A Quick Guide to Virtually Touring Aviation Museums
Due to the current coronavirus pandemic many attractions and non-essentials business closed their doors to visitors. This widespread closure has affected many, if not all aviation museums throughout the country. In addition to trying to “flatten the curve” by minimizing social contact and slowing the spread of COVID-19, closing these museums helps protect the museums’ staff and volunteers, who are often more vulnerable senior citizens and veterans.
Furthermore, many airshows have been canceled including our favorite Planes of Fame Airshow in Chino, California. For many museums this has meant a drastic drop in funding, vital for maintaining aircraft and keeping them in flying condition. If you have already bought tickets, please consider donating the price of the ticket to the museum to keep these aircraft preserved for more to enjoy!
If we all follow the key preventative measures for addressing this pandemic, it will hopefully be over soon, and aviation museums will reopen. In the meantime, we invite you for a quick guide on how to visit aviation museums without leaving the safety of your home. All that’s required is a device with internet access!
We’ll start with some shameless self-promotion. As you probably know, on our website we only include museums that we have visited in person. You can browse all museums grouped by state or click the icon on our interactive map.
As of now, we’ve published thirty-one, with almost thirty more waiting in the pipeline. Since this website is only a side project for the team, it sometimes takes a while to go over hundreds of photos and write an article post. Each of our museum posts includes some basic museum history, notable aircraft descriptions and other interesting facts. We also provide pertinent museum information including hours of operation, admission prices, phone numbers, and link to their websites. Unique to our website is the interactive satellite map included with every museum post, useful for viewing museums’ outdoor aircraft collections from above. This feature is not available on mobile phones.
Finally, with each visit we take plenty of pictures so make sure to take a look at the gallery located at the bottom of each museum article where you can rate it and also leave a comment. While our website is geared more towards discovering museums for you to visit (when not in quarantine), it can undoubtedly be used for some virtual exploring as well!
National Museum of the US Air Force
The National Museum of the US Air Force located six miles northeast of Dayton, Ohio, boasts a separate website dedicated to virtually touring their facility. It’s comprised of a collection of 360-degree panoramas taken throughout the museum that one can navigate between using on-screen arrows or by using the drop-down list of all galleries. Some locations will have special on-screen icons indicating additional content such as videos, audio, or links to other resources. The interface also allows you to experience the tour in a WebVR environment (virtual reality) with a VR-capable device.
You can also put yourself in the pilot seat of many of their aircraft with 360-degree panoramas taken by AeroCapture Images. Unique aircraft that can be viewed from the inside using these panoramas include their North American XB-70 Valkyrie, Boeing B-1B Lancer, Lockheed F-117A Nighthawk, and many more.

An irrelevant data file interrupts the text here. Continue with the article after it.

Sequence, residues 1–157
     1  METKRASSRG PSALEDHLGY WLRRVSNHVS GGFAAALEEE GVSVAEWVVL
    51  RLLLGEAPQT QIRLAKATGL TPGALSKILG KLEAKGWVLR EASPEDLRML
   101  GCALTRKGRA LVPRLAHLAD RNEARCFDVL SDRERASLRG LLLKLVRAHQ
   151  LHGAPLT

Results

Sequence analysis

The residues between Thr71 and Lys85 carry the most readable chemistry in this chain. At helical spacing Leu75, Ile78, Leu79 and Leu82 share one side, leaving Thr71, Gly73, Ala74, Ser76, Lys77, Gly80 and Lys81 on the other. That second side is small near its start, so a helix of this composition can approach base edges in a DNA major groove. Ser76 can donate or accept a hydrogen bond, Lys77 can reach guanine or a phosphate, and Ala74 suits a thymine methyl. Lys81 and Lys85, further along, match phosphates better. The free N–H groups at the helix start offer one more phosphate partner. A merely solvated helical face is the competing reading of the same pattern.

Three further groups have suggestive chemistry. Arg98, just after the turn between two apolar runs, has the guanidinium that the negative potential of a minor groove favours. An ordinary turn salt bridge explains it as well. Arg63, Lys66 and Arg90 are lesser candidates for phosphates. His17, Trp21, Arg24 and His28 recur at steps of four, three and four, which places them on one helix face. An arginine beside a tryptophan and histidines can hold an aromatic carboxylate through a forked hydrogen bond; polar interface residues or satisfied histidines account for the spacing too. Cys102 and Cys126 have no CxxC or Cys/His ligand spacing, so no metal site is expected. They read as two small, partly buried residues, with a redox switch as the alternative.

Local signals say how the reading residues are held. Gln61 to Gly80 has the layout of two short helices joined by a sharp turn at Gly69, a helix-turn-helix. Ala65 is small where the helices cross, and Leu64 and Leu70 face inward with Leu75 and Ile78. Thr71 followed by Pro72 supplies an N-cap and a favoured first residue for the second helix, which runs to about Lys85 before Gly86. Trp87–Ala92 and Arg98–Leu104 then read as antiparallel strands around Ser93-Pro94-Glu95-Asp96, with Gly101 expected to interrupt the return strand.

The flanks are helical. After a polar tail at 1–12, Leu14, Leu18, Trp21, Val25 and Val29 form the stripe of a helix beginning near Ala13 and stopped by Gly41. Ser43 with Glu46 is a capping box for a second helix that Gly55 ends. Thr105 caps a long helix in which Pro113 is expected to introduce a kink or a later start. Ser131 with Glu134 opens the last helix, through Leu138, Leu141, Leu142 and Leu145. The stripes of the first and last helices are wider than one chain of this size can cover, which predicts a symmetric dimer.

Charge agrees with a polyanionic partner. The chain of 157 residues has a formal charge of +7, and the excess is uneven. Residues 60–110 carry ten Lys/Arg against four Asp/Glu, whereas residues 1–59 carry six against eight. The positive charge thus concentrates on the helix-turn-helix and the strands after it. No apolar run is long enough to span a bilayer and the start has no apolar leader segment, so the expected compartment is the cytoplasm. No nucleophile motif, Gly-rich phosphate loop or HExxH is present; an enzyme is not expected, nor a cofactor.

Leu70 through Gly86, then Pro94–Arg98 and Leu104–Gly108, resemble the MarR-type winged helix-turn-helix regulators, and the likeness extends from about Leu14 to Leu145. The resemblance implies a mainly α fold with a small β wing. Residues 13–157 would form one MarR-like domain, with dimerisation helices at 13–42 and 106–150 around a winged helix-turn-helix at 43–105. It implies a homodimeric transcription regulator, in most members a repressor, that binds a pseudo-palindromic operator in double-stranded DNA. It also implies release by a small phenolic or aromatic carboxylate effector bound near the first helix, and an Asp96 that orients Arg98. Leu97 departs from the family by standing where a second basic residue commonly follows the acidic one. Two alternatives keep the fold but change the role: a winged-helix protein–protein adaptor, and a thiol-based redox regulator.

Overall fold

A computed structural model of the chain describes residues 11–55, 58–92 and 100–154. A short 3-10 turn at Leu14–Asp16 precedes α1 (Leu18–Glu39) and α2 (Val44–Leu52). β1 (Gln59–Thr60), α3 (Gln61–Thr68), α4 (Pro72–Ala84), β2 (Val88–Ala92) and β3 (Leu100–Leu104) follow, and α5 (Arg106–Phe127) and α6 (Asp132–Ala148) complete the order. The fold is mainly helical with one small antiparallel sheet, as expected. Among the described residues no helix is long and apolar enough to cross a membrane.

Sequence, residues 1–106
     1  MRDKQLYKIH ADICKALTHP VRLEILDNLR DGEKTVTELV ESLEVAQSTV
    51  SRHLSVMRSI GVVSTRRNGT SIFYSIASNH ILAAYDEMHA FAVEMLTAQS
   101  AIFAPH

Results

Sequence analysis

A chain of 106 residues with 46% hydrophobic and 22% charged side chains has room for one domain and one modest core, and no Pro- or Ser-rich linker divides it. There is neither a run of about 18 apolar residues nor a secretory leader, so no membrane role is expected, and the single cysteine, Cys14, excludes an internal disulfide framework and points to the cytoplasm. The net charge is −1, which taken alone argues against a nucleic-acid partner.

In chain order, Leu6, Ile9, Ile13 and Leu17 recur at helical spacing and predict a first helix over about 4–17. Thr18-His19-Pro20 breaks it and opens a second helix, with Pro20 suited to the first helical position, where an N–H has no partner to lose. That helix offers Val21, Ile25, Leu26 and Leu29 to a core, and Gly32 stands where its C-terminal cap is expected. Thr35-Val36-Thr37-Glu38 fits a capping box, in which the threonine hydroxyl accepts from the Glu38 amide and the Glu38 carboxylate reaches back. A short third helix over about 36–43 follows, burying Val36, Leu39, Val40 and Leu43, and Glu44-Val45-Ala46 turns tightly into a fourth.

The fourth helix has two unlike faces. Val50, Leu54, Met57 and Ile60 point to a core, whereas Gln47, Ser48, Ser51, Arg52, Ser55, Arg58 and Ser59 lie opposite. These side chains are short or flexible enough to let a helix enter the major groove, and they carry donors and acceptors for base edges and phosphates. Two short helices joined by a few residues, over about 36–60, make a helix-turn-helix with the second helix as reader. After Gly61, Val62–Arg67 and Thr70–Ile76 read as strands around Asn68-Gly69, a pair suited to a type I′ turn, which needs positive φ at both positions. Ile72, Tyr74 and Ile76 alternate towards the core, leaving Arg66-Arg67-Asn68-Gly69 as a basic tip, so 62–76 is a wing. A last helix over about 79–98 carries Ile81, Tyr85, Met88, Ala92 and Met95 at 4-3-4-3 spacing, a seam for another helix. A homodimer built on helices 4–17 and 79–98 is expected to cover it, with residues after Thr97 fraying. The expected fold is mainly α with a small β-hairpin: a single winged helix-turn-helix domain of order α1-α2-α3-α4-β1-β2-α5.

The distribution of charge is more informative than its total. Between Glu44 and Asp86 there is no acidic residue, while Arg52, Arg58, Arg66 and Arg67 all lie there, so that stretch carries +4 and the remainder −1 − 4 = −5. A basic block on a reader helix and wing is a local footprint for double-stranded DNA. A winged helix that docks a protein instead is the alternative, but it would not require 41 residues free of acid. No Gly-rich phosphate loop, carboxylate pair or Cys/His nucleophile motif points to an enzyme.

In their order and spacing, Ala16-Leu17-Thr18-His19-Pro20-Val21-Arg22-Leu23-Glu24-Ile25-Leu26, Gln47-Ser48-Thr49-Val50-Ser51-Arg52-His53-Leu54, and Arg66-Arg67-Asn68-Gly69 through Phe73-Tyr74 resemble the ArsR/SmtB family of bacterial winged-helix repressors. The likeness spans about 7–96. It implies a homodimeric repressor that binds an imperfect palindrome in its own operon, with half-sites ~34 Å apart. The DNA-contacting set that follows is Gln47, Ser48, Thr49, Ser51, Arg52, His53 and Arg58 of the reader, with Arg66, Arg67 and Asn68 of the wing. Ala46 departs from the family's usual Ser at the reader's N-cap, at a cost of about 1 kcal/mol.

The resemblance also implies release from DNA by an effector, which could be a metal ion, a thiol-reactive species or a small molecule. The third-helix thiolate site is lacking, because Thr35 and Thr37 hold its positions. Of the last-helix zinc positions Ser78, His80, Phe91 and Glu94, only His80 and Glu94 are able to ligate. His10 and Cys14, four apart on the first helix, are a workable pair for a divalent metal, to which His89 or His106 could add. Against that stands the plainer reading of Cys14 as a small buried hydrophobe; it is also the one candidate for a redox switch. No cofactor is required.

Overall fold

National Naval Aviation Museum
The National Naval Aviation Museum, located on the grounds of NAS Pensacola, also offers a virtual tour of featuring over 100 panorama images. All the pictures are captured in high resolution allowing the virtual visitor to zoom in to explore aircraft details. If you see an “i” information icon over an aircraft or exhibit, click on the icon to open a window with information about that display. Many panoramas were also taken inside of cockpits. Available is also a special interior tour, showing all sections of the only surviving Consolidated PB2Y Coronado.
Pima Air Museum
Pima Air Museum in Tucson, Arizona, is one of the largest aviation museums in the world, with a collection of over 320 aircraft. Almost all of them can be viewed during a virtual museum walk-through courtesy of Google Street View. While it’s not the same as being there in-person to witness the size of colossal aircraft like the Convair B-36J Peacemaker or Aero Spacelines 377G “Super Guppy”, at least you don’t need to worry about the brutal Arizona sun. The museum also has a live feed of their main outdoor display section. Click the live feed button on their home page to view it.
Museum of Flight
The Museum of Flight in Seattle offers 3D virtual tours of some of their aircraft captured by a Matterport 3D Camera and more traditional 360 panoramas. Some of the aircraft available for virtual tours include a Boeing 247D, Douglas DC-2, Boeing B-29 Superfortress and the supersonic Concorde.
AeroCapture Images Cockpit360
Many of the cockpit panoramas mentioned above were taken by Lyle Jansma, a photographer who founded AeroCapture Images and launched the Cockpit360 app, available for free on both Apple and Android devices. The current collection includes approximately 100 virtual cockpits from the aforementioned National Museum of the U.S. Air Force and Museum of Flight as well as the Erickson Aircraft Collection, Texas Flying Legends, Pacific Aviation Museum Pearl Harbor, Evergreen Air & Space Museum, CAF Arizona Wing, Cavanaugh Flight Museum and many others. You can also take a look inside the Blue Angels’ Lockheed C-130 Hercules “Fat Albert”, which serves as their logistics aircraft.
If you know of any other interesting aviation museum offering virtual touring options, please include a link in the comments to share with others.